I am currently installing Arch Linux on a machine which has Windows 10 already installed on it, and I want to use a NTFS partition as /home (because that way, I can easily access my Linux-files from within Windows).

I've tried to install it this way two times by now, but both times it failed (it would boot in recovery mode, with logs saying that the ntfs-drive couldn't be read).

My question is now, what is the correct way to put this drive in /etc/fstab? I created the current fstab with genfstab -U -p /mnt >> /mnt/etc/fstab and now I have the following entry for the ntfs-drive:

# /dev/sda2 LABEL=LinuxData
UUID=...    /home    ntfs-3g    rw,nosuid,nodev,relatime,user_id=0,group_id=0,allow_other,blksize=4096    0    0

I want every user on the system to be able to read, write and execute to /home.

  • Try using ntfs as file type.
    – piegames
    Commented Mar 19, 2018 at 16:52

3 Answers 3


ntfs-3g is fuse-based, I suspect you can't use it to replace such a vital part of a Linux filesystem. Instead you could mount it somewhere in your home and put files you need there.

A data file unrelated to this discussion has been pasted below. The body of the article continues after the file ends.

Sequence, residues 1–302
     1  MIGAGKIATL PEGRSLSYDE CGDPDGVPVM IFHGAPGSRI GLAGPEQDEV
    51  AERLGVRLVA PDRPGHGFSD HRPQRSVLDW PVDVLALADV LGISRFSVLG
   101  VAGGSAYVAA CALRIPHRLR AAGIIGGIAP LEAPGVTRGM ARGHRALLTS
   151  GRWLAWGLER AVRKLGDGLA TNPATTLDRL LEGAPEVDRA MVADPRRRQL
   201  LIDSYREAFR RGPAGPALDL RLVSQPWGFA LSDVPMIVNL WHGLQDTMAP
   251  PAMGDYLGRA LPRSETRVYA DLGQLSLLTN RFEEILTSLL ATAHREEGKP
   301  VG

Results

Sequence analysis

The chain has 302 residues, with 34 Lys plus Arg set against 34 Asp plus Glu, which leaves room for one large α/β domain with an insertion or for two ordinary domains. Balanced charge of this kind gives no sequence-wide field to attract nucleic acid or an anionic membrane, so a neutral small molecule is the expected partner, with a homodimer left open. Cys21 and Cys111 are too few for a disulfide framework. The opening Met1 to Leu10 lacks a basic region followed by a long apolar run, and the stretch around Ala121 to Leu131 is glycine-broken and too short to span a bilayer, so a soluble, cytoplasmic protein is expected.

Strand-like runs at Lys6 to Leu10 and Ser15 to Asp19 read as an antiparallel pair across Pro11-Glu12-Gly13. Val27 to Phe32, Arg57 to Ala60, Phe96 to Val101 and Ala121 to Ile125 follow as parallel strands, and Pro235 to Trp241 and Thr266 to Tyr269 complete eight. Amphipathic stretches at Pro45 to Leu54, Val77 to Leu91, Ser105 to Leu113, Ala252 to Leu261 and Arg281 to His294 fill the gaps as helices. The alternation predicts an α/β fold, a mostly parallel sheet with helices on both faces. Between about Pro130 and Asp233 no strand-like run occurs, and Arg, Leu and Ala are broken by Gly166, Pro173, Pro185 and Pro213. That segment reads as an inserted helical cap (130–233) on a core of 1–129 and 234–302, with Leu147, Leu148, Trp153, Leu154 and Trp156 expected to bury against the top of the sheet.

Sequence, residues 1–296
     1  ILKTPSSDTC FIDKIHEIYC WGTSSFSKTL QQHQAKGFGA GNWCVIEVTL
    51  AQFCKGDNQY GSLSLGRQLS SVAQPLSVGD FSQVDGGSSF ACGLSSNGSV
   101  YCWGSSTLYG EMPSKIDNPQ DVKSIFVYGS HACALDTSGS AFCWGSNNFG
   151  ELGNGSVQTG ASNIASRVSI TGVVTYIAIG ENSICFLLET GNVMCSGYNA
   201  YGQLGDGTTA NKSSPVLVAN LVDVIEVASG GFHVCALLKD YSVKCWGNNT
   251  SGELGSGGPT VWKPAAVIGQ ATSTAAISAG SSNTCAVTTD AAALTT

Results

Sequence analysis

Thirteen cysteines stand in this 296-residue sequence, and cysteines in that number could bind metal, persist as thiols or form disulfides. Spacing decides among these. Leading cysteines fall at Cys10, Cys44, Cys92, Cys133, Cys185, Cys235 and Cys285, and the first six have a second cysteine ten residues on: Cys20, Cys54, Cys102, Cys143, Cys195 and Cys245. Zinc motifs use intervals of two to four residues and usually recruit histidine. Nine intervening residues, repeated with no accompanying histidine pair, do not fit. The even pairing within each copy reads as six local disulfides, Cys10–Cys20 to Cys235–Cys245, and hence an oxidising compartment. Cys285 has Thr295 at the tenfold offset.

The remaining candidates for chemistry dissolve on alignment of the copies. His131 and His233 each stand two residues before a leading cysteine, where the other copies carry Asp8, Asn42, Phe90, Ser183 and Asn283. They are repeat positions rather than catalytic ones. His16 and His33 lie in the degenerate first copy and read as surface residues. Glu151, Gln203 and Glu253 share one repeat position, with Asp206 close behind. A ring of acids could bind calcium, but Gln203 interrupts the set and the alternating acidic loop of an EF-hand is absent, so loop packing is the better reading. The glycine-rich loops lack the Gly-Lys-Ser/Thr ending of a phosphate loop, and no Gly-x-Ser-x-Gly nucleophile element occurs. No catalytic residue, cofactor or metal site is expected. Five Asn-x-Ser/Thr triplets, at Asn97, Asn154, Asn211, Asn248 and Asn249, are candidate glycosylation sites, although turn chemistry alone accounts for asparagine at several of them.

If you use systemd, there should be a way with a .mount unit and a mount script ! See man systedmd.unit and man systemd.mount !

But generally, you'd avoid using ntfs or any microsoft tech on linux because windows and linux just do not work the same way, and ntfs isn't as well supported as other filesystems. Plus, it's less performant


You need disable hibernate file options first.

powercfg /h off 

If you don't do that, the ntfs-3g partition can't be mounted in /home, or can't be mounted in rw mode on startup from Linux.  Remember, if you format that partition, you need to update the UUID in the fstab file.

  • Is that command run in Linux or in Windows?  … … … … … … … … … … … … … Please do not respond in comments; edit your answer to make it clearer and more complete. Commented Jul 17, 2022 at 18:25

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